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Xerocon Atlanta: Will Packer on persistence and his path to the top

Posted 1 year ago in Advisors by Dina Veljanovska

It’s been a day full of action here at Xerocon Atlanta. We chose Atlanta, Georgia to play host to Xerocon in the Americas this year because of its energy. So it was only fitting that we brought in keynote speaker, Will Packer, to bring his trademark zest to Xerocon.

Will welcomed attendees to his town in his keynote. A hugely successful producer, Will’s films including Girls’ Trip, Stomp The Yard and more have collectively grossed $1 billion. In sharing stories along his journey to the top, Will had a simple message for his audience: never give up.

A self-professed nerd – at school Will was really good at math and science. And while locally there was a push to get minorities into STEM, Will foresaw a different path for himself. Will and his college friend made a couple of small films, but it wasn’t until he got in the door at a film studio and pitched a film with unrelenting persistence that he was successful. That film was Stomp The Yard.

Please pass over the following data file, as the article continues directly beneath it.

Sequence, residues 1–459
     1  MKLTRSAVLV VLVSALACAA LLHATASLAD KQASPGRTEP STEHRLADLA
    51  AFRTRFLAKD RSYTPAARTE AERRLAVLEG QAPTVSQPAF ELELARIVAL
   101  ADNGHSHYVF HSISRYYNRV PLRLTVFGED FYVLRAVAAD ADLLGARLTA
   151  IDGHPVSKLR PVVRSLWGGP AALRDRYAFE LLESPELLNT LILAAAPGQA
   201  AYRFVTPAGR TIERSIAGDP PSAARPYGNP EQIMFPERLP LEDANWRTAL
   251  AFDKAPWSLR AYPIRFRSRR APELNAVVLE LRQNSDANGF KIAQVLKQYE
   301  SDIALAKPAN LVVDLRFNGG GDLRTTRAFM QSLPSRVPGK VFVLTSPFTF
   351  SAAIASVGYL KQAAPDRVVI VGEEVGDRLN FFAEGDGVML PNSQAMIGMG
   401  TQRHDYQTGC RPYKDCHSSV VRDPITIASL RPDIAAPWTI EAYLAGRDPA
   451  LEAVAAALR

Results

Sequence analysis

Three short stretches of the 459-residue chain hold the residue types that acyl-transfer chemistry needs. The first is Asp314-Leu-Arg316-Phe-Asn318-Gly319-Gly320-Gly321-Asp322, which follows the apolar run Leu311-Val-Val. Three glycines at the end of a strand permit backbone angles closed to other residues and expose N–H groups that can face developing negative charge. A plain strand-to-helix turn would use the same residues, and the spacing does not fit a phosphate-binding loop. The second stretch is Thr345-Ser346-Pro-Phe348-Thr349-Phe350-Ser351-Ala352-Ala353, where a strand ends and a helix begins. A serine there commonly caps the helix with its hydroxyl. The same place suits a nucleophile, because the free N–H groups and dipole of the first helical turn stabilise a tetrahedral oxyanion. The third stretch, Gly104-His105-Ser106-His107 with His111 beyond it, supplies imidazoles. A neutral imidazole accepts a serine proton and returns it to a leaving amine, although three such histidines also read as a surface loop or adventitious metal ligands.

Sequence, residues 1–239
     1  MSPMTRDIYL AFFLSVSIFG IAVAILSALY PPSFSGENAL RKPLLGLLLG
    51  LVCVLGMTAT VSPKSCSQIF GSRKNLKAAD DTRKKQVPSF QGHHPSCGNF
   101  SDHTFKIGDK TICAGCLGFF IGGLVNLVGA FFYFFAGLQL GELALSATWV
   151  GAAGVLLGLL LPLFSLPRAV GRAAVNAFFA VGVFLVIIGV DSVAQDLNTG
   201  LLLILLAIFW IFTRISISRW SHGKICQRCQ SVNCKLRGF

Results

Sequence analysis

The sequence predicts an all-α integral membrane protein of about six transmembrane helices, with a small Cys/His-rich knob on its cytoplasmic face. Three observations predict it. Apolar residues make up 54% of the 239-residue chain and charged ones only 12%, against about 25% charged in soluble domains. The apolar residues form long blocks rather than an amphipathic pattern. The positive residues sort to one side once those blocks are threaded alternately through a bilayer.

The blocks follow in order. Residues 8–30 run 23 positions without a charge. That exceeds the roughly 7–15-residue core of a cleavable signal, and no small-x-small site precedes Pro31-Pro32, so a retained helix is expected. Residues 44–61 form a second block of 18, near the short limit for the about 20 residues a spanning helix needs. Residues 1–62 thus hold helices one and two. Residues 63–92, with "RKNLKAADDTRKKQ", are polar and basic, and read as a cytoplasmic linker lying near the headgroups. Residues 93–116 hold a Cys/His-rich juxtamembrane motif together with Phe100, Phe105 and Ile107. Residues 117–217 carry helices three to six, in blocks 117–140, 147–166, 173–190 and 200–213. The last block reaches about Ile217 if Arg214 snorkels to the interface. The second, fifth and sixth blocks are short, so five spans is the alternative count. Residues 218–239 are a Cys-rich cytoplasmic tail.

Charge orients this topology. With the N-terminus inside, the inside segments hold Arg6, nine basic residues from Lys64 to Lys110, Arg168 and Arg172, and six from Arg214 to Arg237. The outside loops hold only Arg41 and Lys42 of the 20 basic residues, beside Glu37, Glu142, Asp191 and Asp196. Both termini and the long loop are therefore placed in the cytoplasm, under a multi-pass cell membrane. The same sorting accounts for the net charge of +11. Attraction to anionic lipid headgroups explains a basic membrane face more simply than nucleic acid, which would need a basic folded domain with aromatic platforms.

“I had the intense resolve, ‘I will not accept no’,” Will said. “If I have learned anything in my journey it is to literally never, ever give up.”

Will is a true advocate for the idea that nobody who has accomplished things in life, has done so without failing. His philosophy is that failure is okay, and is part of the road to success.

On Will’s film, Straight Outta Compton, which features Ice Cube’s son playing the role of Ice Cube – technology played an important part. Although Ice Cube wasn’t on set, Will explained that Ice Cube was able to offer his son notes via video conferencing. Will said the film wouldn’t have been what it was without it. He explained why, although he thinks technology makes the impossible possible – there is the one element that is vital in the equation.

“I see where technology is great – it allows us to do things that we wouldn’t have always been able to do,” Will said. “But above everything else is the human element. It all boils down to the human element.”

“Technology unlocks our potential to think about how we can do things better,” Will said. “We’re now better connected and more efficient than ever. At the end of the day how we use technology is what will separate us from our competitors. You put on top of that your drive and combine that with the right talent, the right platform and the right timing. You take that human element and combine it with the right platform.”

Will left audience members with a mantra that everyone can use. He said that the value that we give external people unfairly affects the way we see ourselves.

“Every morning I wake up and tell myself how great I am, that I am enough, I’ve got the skills, I’ve got what it takes and today is going to go great,” Will said. “If you start your day with the most important voice – yours – it will drown out the other negativity. And sometimes that’s all you need.”

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